This article is part of our Rising Star Portfolios series.

Kanye West recently, and quite famously, tweeted that "Black is the new black." I found that profound, even metaphysical. I'm endeavoring similarly wild twists of mind and nature in my Rising Star Portfolio—by turning ugly stocks into beauteous returns. That's the mantra of the Ugly Portfolio: We make uglies into models.

So, you might ask, who's that burgeoning beauty -- an obscured rendering of America's possible Next Top Model? My scouts are fervently searching, and by that I mean, I am. Wait no further. The candidates are Range Resources (NYSE: RRC), SUPERVALU (NYSE: SVU), and Sanderson Farms (Nasdaq: SAFM).

Range Resources 
For anyone who's talked to me or read anything I've written on the matter, they know I've been pounding the table about natural gas for awhile now: Producers can only sell natural gas below the marginal cost of production (the cost to pull the last unit from the ground) for so long. Yet it's persisted. As good hedges become increasingly scarce and boom-time leases expire, I think natural gas is due for a recovery to something in the vicinity of $6 to $7 per mcf-equivalent.

And Range Resources could be the way to play. The firm's proven a remarkably adroit capital allocator over the years, scooping up acreage in burgeoning plays at unbelievably cheap prices. Recent years are no exception: Range scooped up a large position in the Marcellus Shale's prime acreage, at low cost and favorable lease terms. More important, like Ultra Petroleum (NYSE: UPL) -- a favorite of mine -- its capital structure and breakeven drilling costs enable it to weather the natural gas market's inevitable cyclicality.

My reservation: It's that levered to the Marcellus.

I've been watching SUPERVALU since last summer, and it could just be one of the ugliest stocks out there. The shares are dirt cheap, and perhaps with good reason. It's a grocer, a notoriously competitive industry; operates a series of second- or third-tier chains; carries a huge debt load; and its same-store sales are in free-fall against already razor-thin margins.

So why do I like it? Well, for one, the company's got Craig Herkert, former President of Wal-Mart's Americas division, at the helm. If there's a person who's suited to turning this business, I think it's him. And second, the reason it's hated is the very reason it's an interesting investment. SUPERVALU's been poorly managed, but it can get better. Until recently, the company didn't have a meaningful private label offering, a key draw for cost-conscious customers. Its stores are in pretty sad shape. And unlike its competitors, the company's still working on centralizing supply chain, purchasing, and marketing functions -- a prospectively large cost-saving measure.

Management's gotten its own breed of religion. They're remodeling stores and concentrating on their private-label offerings. They're also focused on paying down debt, and are open to selling "non-core" operations to do it.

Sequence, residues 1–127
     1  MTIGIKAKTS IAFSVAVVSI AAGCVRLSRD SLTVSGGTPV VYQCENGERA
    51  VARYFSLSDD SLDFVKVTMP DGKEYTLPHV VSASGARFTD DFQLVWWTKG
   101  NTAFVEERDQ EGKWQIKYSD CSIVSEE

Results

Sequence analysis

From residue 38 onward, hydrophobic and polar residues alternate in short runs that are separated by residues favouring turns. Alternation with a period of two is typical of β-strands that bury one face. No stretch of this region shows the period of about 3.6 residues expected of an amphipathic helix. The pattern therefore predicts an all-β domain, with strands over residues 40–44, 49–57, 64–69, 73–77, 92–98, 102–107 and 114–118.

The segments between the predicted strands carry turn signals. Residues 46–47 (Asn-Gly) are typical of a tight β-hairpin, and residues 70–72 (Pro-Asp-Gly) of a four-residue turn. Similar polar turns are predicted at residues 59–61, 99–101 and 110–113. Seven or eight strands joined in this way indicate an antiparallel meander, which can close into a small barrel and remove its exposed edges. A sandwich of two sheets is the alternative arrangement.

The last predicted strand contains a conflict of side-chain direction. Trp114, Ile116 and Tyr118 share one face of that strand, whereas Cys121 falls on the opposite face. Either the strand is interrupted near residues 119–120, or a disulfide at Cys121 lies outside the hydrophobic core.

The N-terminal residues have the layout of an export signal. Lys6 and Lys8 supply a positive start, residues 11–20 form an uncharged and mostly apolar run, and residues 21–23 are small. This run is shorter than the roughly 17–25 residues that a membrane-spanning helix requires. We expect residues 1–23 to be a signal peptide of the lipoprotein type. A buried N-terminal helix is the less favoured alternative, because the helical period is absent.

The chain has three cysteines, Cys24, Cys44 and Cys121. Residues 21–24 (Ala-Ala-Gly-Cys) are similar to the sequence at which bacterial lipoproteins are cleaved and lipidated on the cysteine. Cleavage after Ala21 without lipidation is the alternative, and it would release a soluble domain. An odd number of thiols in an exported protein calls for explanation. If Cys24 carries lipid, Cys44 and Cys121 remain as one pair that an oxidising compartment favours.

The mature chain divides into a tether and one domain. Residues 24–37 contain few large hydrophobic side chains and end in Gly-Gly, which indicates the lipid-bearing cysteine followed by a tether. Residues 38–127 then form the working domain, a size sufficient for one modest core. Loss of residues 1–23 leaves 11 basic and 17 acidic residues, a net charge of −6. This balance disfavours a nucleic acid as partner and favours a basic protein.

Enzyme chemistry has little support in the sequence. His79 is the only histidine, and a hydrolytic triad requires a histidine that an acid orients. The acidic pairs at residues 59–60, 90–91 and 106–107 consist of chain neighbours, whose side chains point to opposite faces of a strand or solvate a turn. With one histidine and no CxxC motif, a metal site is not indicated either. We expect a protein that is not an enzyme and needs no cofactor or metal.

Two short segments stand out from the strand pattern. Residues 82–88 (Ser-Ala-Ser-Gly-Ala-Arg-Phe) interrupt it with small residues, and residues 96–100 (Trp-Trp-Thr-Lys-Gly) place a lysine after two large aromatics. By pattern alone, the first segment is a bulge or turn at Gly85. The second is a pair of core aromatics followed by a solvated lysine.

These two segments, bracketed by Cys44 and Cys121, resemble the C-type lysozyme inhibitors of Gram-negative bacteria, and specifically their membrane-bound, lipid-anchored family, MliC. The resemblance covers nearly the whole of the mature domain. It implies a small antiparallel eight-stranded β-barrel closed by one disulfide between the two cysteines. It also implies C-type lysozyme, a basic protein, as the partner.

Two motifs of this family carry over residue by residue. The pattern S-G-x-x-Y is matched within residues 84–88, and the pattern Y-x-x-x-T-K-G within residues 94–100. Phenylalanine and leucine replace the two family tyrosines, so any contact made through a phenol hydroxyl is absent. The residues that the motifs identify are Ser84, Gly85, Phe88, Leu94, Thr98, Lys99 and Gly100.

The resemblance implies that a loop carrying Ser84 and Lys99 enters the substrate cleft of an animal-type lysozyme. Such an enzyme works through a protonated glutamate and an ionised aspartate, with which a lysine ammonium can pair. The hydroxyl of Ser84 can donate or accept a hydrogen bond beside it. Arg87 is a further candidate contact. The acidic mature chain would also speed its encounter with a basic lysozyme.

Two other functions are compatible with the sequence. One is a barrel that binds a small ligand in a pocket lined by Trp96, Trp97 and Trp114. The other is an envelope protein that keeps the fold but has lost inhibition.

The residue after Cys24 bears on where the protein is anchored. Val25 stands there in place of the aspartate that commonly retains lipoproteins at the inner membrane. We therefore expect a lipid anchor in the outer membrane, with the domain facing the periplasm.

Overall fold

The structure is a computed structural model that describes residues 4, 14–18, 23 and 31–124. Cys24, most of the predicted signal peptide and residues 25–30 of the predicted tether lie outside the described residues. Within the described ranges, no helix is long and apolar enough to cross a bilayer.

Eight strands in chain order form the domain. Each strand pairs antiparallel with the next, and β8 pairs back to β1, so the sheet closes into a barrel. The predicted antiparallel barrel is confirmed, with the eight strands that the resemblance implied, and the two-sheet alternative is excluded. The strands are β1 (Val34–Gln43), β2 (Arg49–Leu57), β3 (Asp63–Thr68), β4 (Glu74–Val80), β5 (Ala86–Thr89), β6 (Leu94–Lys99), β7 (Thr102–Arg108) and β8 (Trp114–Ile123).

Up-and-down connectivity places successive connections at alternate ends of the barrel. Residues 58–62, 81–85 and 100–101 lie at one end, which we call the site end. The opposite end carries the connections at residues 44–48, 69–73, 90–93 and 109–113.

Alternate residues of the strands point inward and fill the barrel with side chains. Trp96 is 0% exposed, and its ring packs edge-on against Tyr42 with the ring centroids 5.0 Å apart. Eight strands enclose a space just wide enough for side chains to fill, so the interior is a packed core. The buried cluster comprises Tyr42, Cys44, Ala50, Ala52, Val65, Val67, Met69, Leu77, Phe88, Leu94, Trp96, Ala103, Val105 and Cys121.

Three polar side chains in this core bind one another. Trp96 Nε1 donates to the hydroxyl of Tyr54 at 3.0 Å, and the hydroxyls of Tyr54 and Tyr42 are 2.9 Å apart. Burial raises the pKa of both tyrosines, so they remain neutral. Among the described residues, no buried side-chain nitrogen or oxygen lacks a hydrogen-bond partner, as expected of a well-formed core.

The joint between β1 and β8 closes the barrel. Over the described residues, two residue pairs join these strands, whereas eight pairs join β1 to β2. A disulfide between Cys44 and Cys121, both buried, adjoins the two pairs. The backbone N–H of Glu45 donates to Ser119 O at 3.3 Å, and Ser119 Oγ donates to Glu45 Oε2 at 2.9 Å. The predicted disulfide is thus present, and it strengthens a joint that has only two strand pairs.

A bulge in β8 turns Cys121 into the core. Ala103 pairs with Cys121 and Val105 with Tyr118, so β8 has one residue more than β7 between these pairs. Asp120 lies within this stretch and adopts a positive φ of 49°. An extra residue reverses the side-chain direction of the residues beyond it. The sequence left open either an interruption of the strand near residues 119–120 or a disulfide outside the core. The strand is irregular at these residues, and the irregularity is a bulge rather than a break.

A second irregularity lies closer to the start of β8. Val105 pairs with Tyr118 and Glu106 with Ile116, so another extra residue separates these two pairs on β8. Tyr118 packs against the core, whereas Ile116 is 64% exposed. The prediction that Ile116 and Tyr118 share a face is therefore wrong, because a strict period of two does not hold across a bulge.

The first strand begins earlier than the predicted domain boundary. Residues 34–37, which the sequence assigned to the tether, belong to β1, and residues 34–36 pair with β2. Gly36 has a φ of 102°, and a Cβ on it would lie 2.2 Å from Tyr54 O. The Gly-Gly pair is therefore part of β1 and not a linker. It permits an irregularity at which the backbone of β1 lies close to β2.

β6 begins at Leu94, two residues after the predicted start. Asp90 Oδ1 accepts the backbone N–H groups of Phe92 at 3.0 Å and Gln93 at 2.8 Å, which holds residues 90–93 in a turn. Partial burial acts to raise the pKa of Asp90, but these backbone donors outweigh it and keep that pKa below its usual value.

Don't get me wrong. Between its debt load and the industry dynamics, this stock could go to zero. But it still produces solid cash flow. At two times trailing free cash flow (which admittedly, might not be a representative figure), a lot of the possible ugly is priced in, and its value-creating measures could deliver several fold.

Sanderson Farms 
I like chicken. The rest of the United States does, too. That was never really in question.

 The trouble is that Sanderson Farms' earnings -- a best-of-breed chicken producer, in an ugly and cyclical industry -- are about to get utterly whipsawed. The company's costs are tied to feed costs, including corn and grain. Yet as a commodity operator, its near-term ability to pass price increases is somewhat limited. Amid rampant food-cost inflation, near-term earnings and cash flow are going to hurt.

And that's exactly why I like it. Sanderson Farms trades at five times trailing operating cash flow, in effect an assumption that its cash flow will gradually erode, for eternity. I don't think that's sustainable, as recent industry consolidation should allow chicken producers (punctuated by Pilgrim's Pride's (NYSE: PPC) ill-fated purchase of Gold Kist) to pass price increases more readily. Also, input costs may well decline. But to be quite honest, I also don't know where or when its earnings stabilize: Sanderson's margins have been unbelievably erratic over the past decade, and arguably, the paradigm on food costs has changed.

That's kept me on the sidelines.

The bottom line
One of these stocks will, in all likelihood, make it into my Rising Star Portfolio in the next month. Have an opinion? Join me on my discussion board, and let me know. I might even answer.

This article is part of our Rising Star Portfolios series, where we give some of our most promising stock analysts cold, hard cash to manage on the Fool's behalf. We'd like you to track our performance and benefit from these real-money, real-time free stock picks. See all of our Rising Star analysts (and their portfolios).

Michael Olsen eats a lot of chicken, never had a chance at America's Next Top Model (although he was asked to judge), and owns shares of Ultra Petroleum. Two of these statements are true. Wal-Mart is a Motley Fool Inside Value pick and a Motley Fool Global Gains recommendation. The Fool owns shares of SUPERVALU, Ultra Petroleum, and Wal-Mart. Try any of our Foolish newsletter services free for 30 days. We Fools may not all hold the same opinions, but we all believe that considering a diverse range of insights makes us better investors. The Motley Fool has a disclosure policy.